McDowell & Osburn recently settled a case involving a two-year old child with severe burns to both feet. The two-year old was playing in the back yard of the duplex where his family rented an apartment. His mother’s boyfriend was watching him and his baby brother. When the boyfriend checked on the baby, the two-year old toddler ran over to investigate the remains of a bonfire in the back yard. The fire looked like it was fully extinguished and was not apparently hot. The toddler walked into the ashes and was seen by the neighbor’s relative and pulled out. Unfortunately, there were hot coals under the ashes and the toddler suffered severe burns to the bottoms of both feet. The toddler had toes amputated, skin graft surgeries and remains at risk of needing one or both feet amputated. Because of the burns, the toddler (now in elementary school) must wear special footwear and has trouble walking.
The neighbor had held a large party in the back yard of the duplex the night before the toddler was burned. He was also the manager/owner of a nearby bar. He advertised the party at his bar and had entertainment at the party that would normally have taken place at the bar. Over 100 people, many of whom were regular bar patrons, attended the cook-out/party. The neighbor/bar-manager referred to the party as his annual thank you to his bar customers and the local community. The bonfire burned until after midnight. Obviously, the host of the party never fully extinguished the fire as required by law.
The owner of the duplex who rented the apartments to the bar manager and the toddler’s family knew about the annual parties and bonfires. The owner did nothing to check on the party or the fire arrangements.
Suit was brought on behalf of the child against the neighbor, the bar and the owner. The case settled on a confidential basis favorably for the child that included the creation of a trust to help fund future medical needs for the child.
New Hampshire public entities, such as towns, cities, counties and school disctricts, are protected by various statutory immunities that limit when they can be sued for injuring someone. There are exceptions to these immunity statutes. RSA 507-B:2 allows claims against municipal entities for harms arising from the operation of “all motor vehicles”. The municipal entity must be at fault for the operation of the vehicle or “by fault attributable to” the municipal entity. New Hampshire public entities like to claim that the RSA 507-B:2 exception to immunity is limited to motor vehicles owned and operated by the public entity. This narrow reading of the statute, however, unfairly attempts to avoid claims which are allowed by the law.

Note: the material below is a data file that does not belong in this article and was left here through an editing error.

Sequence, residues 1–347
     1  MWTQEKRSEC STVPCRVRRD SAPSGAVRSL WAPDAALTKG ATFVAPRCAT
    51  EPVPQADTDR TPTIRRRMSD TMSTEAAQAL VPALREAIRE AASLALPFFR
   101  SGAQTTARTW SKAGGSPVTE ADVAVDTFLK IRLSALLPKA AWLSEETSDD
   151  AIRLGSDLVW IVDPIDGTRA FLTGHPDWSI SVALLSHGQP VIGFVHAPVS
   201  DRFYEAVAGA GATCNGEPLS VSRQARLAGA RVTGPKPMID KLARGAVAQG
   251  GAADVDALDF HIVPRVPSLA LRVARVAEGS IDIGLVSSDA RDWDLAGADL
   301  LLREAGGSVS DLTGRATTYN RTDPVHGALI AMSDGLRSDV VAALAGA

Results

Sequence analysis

In the case of Chatman v. Strafford County, 163 N.H. 320 (2012), the New Hampshire Supreme Court held that RSA 507-B:2 permitted recovery against a county for negligently supervising the loading of a trailer. The trailer and vehicle it was being attached to were not owned by the county. The victim claimed that a county supervisor was negligent in directing the work, resulting in serious injuries. The trial court dismissed the case based on the assumption that the harm did not fall under RSA 507-B:2. The New Hampshire Supreme Court reversed and specifically stated: “we hold that the plaintiff’s claims ‘arise out of the County’s … operation of a motor vehicle’”. Chatman, 163 N.H. at 326. While the court did not specifically address the importance of the fact that the vehicle at issue was not owned by the county, it implied that liability is proper under RSA 507-B:2 when the a government entity does not own the vehicle in question but does have control over it.
Given the context of the Chatman decision, liability for negligently entrusting an automobile under the control of a government/public entity along with other negligent acts might be the basis for a legal claim under RSA 507-B:2 even when the public entity does not own or operate the vehicle.
James McCutchen was in a motor vehicle accident and incurred $66,866 in medical bills. These bills were paid for by U.S. Airways’ self-funded ERISA plan. McCutchen hired an attorney and settled his claims for the maximum available insurance of $110,000. After paying his attorney fees of $44,000, McCutchen had $66,000 left. The plan then asserted it was owed the entire amount it previously paid, which would have left McCutchen $866 in the hole. He argued that the plan is limited to recovery of the amount of his settlement representing medical expenses and that the plan should have to share in his attorney’s fees. The plan disagreed.
On April 16, 2013, in U.S. Airways v. McCutchen, the United States Supreme Court rejected McCutchen’s argument that the plan was limited to the portion of his settlement representing medical bills because the language of the plan required full payment. However, the Court found that the plan had to share in the cost of his attorney’s fees because the plan language was silent on how to pay for the costs of obtaining the settlement (known as the “common fund” doctrine). The Court reasoned, “The rationale for the common-fund rule reinforces that conclusion. Third-party recoveries do not often come free: To get one, an insured must incur lawyer’s fees and expenses. Without cost sharing, the insurer free rides on its beneficiary’s efforts — taking the fruits while contributing nothing to the labor. Odder still, in some cases — indeed, in this case — the beneficiary is worse off by pursuing a third party.” See U.S. Airways v. McCutchen.
Following McCutchen, it will be even more important to carefully review the requirements of an ERISA plan to determine whether filing suit would permit a reasonable recovery, or whether it will permit a free ride to the insurer.